Foreign Affairs

Ukraine and the Middle East: the (un)perceived urgency of helping others

April 2024
By Editorial Staff

There is no need for a reminder: the situation in Ukraine and the Middle East is getting direr by the day. The outcomes of yesterday’s joint Foreign Affairs and Defense EU Council, and the EU-Gulf Cooperation Council High-Level Forum, both held in Luxembourg, paint this sentiment in exquisite detail.

It’s been one year since the military coup in Sudan. High Representative Josep Borrell discussed with the Ministers how to coordinate with the United Nations for a “sustainable ceasefire”, supporting mediation efforts as well. Georgia’s step-down from their integration efforts with European values also raised great concern, with the local Parliament representing the controversial law on transparency and foreign influence, which can seriously hinder the media freedom in the country.

Going on about the Gaza Strip, Borrell announced “no progress on the hostages, no prospect on a ceasefire, and no real easing of the humanitarian catastrophe”. The latter aspect undergoes active obstruction, with hindered access to corridors. While the Council and the Forum were taking place, the French Minister for Foreign Affairs Catherine Colonna delivered her much-anticipated Report on UNRWA. However, “most donors have already resumed funding” the agency, successfully preventing the suspension of its activities. Borrell hopes that, after its publication, the European Commission could reinstate its effort in funding UNRWA. During the Forum, Qatar’s Prime Minister Sheikh Mohammed bin Jassim Al Thani conveyed his optimism about achieving a ceasefire in Gaza and averting a broader regional escalation of the conflict, reinstating his country’s active and positive role as a mediator.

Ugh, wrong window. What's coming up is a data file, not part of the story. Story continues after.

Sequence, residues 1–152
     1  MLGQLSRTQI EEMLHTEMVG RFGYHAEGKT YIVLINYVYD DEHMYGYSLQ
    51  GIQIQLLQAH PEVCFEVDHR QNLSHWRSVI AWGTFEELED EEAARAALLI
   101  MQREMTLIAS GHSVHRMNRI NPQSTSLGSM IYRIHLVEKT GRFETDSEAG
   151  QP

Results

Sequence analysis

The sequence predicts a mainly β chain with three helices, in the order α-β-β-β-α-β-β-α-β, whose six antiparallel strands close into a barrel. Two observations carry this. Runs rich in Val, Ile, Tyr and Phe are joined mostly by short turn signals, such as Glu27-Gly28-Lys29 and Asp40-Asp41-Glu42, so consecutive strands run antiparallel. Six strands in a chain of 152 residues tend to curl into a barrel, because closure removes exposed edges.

The EU’s stance in condemning Iran also links with the impending situation in Ukraine. Besides the outrage following Iran’s recent attacks on Israel, the Joint Council agreed on strengthening the sanctions both for missile activities and potentially selling drones to Russia. The Council greenlighted to broaden the sanction framework to include weapon selling throughout the Middle East and Red Sea region, together with the range of prohibited drone components. This is an outcome that Borrell presented to the Forum participants as well.

Addressing ultimately the elephant in the room, it’s not the first time that Borrell has called for more support from Member States, underlining the urgency of speeding up ammo delivery in Ukraine. Russia has bombarded Ukraine with 7000 guided bombs in four months, circa 16 bombs a day, and with their lack of air defense and ammunition, it’s clear that the situation is becoming unsustainable. Despite the numerous calls from Volodymyr Zelensky and Borrell himself, and the statements from the Member States, there is a lack of clarity on how they would concretely step up to help the Ukrainians. The High Representative praised the Czech initiative in raising funds to buy ammo, but more effort should come from the Member States. He also announced a first ammo delivery at the end of May, raising some hope for this situation.